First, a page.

Re: Unschooling Large Families

Regan
 

 Eliminating chores is the most recent transition we've made,

In moving towards unschooling, I think it helps to *add* things rather than "eliminate" things.  Adding is more likely to be positive - more flexible and open-ended.  "Eliminating" is not many steps away from a rule, from rigidity.  Yes chores / No chores.  Both are rules - rules which intrude, regardless of what's really important.

What is important for your family - peace? joy? doing fun things? well-being? growing and learning? comfort? delight?...
What can you do to enhance what's important - more flexibility? more listening? more engagement? more calm? more kindness? more fun ideas? more soft places? more interesting/happy options? more generosity? more creativity?... 

From the outside, unschooling may look like no chores, no bedtimes, no education, no discipline, no structure, no limits, etc.  But from the inside, it's about learning, relationships, living with real parameters, partnership, navigating turbulence, making connections, joy, curiosity, focus, enthusiasm, options, following trails, fun, growing understanding, opening doors...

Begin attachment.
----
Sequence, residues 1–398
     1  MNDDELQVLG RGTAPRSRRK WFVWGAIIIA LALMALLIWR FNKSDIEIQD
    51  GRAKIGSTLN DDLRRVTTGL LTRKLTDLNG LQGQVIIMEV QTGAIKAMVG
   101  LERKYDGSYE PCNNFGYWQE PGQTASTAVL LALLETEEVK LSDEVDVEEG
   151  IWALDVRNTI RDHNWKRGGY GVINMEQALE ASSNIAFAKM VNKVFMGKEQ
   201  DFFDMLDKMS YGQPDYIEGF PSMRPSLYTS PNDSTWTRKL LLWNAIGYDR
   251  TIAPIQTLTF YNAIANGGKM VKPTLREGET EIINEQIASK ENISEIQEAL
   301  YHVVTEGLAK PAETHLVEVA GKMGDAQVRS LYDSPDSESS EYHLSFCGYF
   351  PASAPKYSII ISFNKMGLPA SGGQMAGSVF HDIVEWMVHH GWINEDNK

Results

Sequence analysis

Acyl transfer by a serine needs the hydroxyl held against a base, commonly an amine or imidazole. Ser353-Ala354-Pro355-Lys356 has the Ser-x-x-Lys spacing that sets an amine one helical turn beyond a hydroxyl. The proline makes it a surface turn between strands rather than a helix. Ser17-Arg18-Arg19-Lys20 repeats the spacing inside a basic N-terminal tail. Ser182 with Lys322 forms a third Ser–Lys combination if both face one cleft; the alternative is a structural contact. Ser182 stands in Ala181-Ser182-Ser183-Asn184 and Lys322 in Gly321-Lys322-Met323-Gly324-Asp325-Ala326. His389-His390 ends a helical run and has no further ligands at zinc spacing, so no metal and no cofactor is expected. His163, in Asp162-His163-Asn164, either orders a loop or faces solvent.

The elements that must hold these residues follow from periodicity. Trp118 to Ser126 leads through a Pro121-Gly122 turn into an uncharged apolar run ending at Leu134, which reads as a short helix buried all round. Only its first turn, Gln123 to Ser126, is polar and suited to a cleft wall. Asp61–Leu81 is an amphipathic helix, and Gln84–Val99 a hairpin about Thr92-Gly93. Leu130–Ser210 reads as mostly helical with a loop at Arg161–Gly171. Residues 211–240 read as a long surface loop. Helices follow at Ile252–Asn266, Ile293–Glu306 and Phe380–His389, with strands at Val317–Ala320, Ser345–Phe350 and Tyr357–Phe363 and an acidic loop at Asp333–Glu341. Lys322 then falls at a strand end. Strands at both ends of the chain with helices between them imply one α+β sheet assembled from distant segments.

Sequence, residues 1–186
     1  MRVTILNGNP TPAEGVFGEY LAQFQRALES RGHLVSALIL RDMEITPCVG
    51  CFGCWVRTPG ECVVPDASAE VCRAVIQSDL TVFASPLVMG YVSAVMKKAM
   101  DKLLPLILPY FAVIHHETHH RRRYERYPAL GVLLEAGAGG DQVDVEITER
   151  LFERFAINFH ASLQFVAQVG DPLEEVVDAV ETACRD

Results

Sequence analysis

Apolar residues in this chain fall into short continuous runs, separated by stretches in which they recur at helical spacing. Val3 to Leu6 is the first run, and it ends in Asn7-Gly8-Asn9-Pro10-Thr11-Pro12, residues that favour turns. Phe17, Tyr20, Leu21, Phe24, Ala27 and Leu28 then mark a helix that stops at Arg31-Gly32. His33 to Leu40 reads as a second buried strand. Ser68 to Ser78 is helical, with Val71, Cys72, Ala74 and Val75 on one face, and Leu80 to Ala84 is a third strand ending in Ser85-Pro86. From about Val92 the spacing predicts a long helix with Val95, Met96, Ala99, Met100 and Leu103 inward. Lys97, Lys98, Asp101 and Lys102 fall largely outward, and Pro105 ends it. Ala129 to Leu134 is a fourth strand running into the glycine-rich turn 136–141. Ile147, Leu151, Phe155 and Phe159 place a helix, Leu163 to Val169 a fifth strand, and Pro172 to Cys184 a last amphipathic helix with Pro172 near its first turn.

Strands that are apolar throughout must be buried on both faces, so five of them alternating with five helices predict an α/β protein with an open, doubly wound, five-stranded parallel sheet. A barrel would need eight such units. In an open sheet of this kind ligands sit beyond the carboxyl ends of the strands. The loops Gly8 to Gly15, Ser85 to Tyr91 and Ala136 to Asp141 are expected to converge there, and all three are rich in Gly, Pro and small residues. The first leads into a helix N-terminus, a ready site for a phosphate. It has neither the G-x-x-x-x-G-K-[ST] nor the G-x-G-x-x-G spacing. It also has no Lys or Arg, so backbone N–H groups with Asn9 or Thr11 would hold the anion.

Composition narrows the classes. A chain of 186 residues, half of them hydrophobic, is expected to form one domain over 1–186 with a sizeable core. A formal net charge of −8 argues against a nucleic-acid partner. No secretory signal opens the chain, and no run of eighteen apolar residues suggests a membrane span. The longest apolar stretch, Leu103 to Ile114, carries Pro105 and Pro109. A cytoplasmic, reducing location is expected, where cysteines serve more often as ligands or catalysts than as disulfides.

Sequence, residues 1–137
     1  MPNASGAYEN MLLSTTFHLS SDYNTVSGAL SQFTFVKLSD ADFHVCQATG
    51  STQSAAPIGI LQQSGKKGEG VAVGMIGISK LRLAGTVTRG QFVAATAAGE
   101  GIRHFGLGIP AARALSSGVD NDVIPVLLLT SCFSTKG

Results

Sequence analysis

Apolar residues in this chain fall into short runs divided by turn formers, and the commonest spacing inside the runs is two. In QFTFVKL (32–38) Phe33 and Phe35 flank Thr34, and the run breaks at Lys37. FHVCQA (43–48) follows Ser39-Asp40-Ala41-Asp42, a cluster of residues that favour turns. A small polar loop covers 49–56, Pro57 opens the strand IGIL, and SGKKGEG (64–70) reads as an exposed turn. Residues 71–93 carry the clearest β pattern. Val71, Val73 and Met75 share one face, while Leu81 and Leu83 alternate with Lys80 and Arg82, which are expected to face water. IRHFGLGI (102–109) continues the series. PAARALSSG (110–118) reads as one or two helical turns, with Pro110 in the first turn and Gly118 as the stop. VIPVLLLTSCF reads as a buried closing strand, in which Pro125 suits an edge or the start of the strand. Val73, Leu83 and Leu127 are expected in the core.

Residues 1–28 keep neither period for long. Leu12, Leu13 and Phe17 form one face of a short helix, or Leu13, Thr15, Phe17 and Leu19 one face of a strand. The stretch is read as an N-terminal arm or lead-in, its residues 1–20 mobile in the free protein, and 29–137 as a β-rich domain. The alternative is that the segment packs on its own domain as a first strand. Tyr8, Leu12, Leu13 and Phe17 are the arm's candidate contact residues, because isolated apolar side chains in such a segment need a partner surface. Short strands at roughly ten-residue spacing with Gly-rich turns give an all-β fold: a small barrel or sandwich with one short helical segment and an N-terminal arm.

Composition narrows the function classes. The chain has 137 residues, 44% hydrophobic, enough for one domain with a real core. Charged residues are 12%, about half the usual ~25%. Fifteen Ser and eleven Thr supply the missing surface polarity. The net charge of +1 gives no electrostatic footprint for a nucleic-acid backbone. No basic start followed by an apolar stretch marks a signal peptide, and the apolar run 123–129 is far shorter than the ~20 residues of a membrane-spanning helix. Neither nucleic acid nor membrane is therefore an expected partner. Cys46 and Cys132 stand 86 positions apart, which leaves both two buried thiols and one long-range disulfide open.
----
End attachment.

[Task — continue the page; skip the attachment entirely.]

"Eliminating chores" won't, of itself, bring unschooling closer.  The conditions which led to and continued the imposition of 'chores', need to change.  And that takes time and deschooling.  Many steps in the direction of understanding about learning, of awareness of control in relationships, of relationship-building.   "Eliminating chores" can be done with a few words.  Getting to unschooling takes more - it requires parents to change significantly.  Step by step is usually more effective than trying to leap across.  More tortoise, less hare.  :)

Debbie 

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